"A draft law to move EU law into domestic law after Brexit raised serious concerns about granting broad powers to the executive to amend laws undermining rights without parliamentary scrutiny, and excluding rights currently protected under the EU Charter of Fundamental Rights," the report said.

    The HRW listed both positive and negative trends in the UK foreign policy. For instance, it criticized London’s support for Egypt’s effort in Sinai was criticized as the initiative was linked to many human rights violations.

    "The UK was largely silent about the wider human rights crisis in Egypt," the report added.

    On the other hand, the United Kingdom, alongside the United States and the European Union provided financial assistance to the Gambia, where a new president, Adama Barrow, was elected in 2017. London has made its contribution to help Lebanon, struggling to host Syrian refugees.

    France Resists Populist Choice

    French presidential election, where centrist pro-EU candidate Emmanuel Macron of Le Republique en Marche was facing right-wing Euroskeptic Marine Le Pen from National Front, faced increased international attention, as populist policies appeared to be gaining traction in Europe. The HRW decried the fact that such policies were increasingly adopted by center-right and right-wing parties hoping to "pre-empt the populists’ appeal" but only promoting their message instead.

    "Emmanuel Macron took a different approach during his presidential campaign. He openly embraced democratic principles, firmly rejecting the National Front’s efforts to foment hatred against Muslims and immigrants. His resulting victory and his party’s success in parliamentary elections showed that French voters overwhelmingly reject the National Front’s divisive policies," the HRW said in its report.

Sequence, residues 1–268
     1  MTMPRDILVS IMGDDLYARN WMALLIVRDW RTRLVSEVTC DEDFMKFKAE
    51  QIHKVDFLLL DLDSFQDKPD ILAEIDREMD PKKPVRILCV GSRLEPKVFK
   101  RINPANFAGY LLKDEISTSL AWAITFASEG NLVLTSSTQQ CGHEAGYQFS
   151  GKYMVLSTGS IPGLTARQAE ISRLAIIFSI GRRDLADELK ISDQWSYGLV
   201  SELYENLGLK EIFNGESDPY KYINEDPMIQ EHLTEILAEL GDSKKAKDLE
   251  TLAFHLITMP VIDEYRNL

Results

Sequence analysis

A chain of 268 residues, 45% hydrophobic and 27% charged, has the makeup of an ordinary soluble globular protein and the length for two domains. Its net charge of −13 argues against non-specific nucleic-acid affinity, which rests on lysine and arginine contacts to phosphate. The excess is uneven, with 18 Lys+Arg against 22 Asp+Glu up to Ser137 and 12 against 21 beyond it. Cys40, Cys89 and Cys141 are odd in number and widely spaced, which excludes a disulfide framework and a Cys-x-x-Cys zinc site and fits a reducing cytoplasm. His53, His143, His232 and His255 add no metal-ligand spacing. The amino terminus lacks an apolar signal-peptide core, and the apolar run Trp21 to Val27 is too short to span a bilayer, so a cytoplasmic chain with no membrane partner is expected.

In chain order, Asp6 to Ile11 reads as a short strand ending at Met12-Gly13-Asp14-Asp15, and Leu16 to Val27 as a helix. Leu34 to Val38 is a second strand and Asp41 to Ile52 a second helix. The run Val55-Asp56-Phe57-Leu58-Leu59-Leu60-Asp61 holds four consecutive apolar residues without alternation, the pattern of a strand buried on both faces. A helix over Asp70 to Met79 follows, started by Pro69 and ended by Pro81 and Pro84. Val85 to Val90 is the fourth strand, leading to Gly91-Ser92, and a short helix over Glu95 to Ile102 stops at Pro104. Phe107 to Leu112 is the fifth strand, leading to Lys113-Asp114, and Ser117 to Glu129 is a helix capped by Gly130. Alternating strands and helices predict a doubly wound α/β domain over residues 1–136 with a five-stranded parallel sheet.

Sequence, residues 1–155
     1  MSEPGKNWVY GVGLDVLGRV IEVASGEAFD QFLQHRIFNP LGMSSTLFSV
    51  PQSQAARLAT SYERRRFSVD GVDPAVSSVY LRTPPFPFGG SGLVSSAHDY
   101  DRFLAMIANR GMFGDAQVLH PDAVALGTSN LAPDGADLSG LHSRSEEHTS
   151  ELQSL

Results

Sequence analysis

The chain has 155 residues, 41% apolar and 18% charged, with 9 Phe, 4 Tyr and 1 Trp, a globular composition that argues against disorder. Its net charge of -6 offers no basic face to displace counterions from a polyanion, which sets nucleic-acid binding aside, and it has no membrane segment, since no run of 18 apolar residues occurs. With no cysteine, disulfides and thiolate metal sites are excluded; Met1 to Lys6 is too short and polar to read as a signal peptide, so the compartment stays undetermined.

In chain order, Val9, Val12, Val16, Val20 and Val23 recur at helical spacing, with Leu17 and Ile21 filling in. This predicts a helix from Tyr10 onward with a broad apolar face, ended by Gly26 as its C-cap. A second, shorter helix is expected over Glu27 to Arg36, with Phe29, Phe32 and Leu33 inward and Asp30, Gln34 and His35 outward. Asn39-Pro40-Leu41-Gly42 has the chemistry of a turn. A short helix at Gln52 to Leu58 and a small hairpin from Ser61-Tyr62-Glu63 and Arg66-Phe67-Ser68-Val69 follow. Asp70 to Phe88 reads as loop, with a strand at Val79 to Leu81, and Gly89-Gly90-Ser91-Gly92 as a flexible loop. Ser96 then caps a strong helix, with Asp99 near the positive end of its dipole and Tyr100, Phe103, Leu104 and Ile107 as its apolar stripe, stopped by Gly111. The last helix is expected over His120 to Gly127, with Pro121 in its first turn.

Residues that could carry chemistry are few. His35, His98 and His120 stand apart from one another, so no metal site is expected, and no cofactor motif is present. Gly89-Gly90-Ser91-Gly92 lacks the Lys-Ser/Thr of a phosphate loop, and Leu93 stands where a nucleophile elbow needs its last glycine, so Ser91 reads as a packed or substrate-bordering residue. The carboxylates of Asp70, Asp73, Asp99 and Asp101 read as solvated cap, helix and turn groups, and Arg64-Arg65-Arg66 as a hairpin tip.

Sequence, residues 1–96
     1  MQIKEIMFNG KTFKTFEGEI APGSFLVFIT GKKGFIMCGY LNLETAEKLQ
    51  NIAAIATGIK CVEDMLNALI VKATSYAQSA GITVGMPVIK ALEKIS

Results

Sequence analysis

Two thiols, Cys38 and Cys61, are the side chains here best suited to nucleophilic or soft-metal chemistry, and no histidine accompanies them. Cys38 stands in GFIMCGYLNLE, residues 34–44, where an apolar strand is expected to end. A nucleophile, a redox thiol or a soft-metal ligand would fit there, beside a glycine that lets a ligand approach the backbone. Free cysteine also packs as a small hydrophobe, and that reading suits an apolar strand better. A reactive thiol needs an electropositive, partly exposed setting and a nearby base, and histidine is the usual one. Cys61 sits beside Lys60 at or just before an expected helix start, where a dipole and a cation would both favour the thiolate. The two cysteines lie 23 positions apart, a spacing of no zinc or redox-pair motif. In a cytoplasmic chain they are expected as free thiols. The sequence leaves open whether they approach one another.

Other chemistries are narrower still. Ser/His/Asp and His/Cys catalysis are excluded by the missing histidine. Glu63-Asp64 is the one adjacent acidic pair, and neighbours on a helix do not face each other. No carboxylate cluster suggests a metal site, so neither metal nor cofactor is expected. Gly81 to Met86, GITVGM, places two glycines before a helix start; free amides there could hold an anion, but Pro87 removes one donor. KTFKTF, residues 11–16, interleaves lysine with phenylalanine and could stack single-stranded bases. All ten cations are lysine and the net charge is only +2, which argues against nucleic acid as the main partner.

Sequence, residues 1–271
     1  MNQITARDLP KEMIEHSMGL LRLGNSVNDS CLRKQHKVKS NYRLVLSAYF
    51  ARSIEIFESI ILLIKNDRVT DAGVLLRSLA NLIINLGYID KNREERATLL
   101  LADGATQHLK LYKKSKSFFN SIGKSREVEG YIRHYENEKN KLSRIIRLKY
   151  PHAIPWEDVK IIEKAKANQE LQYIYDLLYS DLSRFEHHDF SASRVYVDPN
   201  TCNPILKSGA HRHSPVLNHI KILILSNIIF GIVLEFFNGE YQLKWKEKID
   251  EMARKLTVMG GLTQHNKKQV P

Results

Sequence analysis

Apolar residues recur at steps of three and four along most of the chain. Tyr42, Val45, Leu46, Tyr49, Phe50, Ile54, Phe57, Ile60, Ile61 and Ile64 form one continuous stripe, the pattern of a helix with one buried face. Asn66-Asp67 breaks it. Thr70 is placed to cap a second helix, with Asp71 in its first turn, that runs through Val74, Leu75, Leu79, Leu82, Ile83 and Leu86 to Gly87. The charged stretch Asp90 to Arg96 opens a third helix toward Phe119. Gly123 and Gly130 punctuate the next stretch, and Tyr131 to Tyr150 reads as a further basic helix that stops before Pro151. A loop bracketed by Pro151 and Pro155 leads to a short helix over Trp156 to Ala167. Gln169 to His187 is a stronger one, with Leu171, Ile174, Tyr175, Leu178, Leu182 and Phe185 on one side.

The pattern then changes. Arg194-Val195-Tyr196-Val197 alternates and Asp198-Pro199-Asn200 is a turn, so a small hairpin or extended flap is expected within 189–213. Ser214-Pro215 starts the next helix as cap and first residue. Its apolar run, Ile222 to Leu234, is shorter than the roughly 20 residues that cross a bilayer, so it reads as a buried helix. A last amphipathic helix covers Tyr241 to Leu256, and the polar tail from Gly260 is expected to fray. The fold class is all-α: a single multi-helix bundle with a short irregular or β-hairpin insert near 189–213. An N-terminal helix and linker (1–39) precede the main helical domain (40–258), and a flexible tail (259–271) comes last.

The watchdog decided to launch its annual report in Paris because the French presidential election in 2017 provided a "turning point" against the spread of populism.

    However, the human rights activists said they had some concerns over the new government’s decision to include some aspects of the emergency state in the regular law.

    "Despite widespread concern from rights bodies, both domestically and abroad, the law incorporates some of the powers utilized under the state of emergency. These include powers that have led to significant abuse, such as the power to order people considered a threat to national security to live in an assigned place of residency, and to carry out house searches without judicial authorization," the report said.

    The HRW praised Macron for standing up to Russia, Turkey, and Venezuela, but noted the lack of vigorous opposition to abuses in China, Egypt, and Saudi Arabia.

    Fear of Migrants, Muslims Rising in EU

    France may have rejected Le Pen’s pledge to restrict migration, but the influx of migrants and related issues are far from being solved in the country and across Europe.

    "Xenophobic populists hostile to human rights shaped politics even when they failed to win at the ballot box, and European governments seemed determined to keep migrants away at all costs," the HRW said.

    The report pointed to the EU states’ increased efforts to reduce the number of arrivals and transfer the responsibility for refugees to non-EU states, such as Libya.

    "The EU pursued a strategy of containment in cooperation with Libyan authorities, despite overwhelming evidence of pervasive and routine brutality against asylum seekers and other migrants arbitrarily detained by those authorities, or otherwise deprived of their liberty. Libya has not signed the Refugee Convention, and does not have a functioning asylum system," the report said.

    Inside the European Union, there were some troubling signs as well, such as the apparent rise in hate crimes

    "Racist, xenophobic, and anti-Muslim sentiment and violence persisted across the EU. Muslims experienced widespread hostility and intolerance. Anti-Semitism, including hate crimes, remained a serious concern," the report said.

    Opportunity For China, Russia

    China and Russia attempted to internationally promote anti-rights policies, according to the report.

    "While focused on quelling any possibility of domestic mass protest against slowing economies and widespread official corruption, Presidents Xi Jinping and Vladimir Putin have aggressively asserted an anti-rights agenda in multinational forums and forged stronger alliances with repressive governments," the report said.

    Russia was criticized for its opposition to UN Security Council’s resolutions against the Syrian government, despite Moscow's continued efforts to promote political settlement through negotiations and desire to ensure that the Syrians decide the future of the country themselves.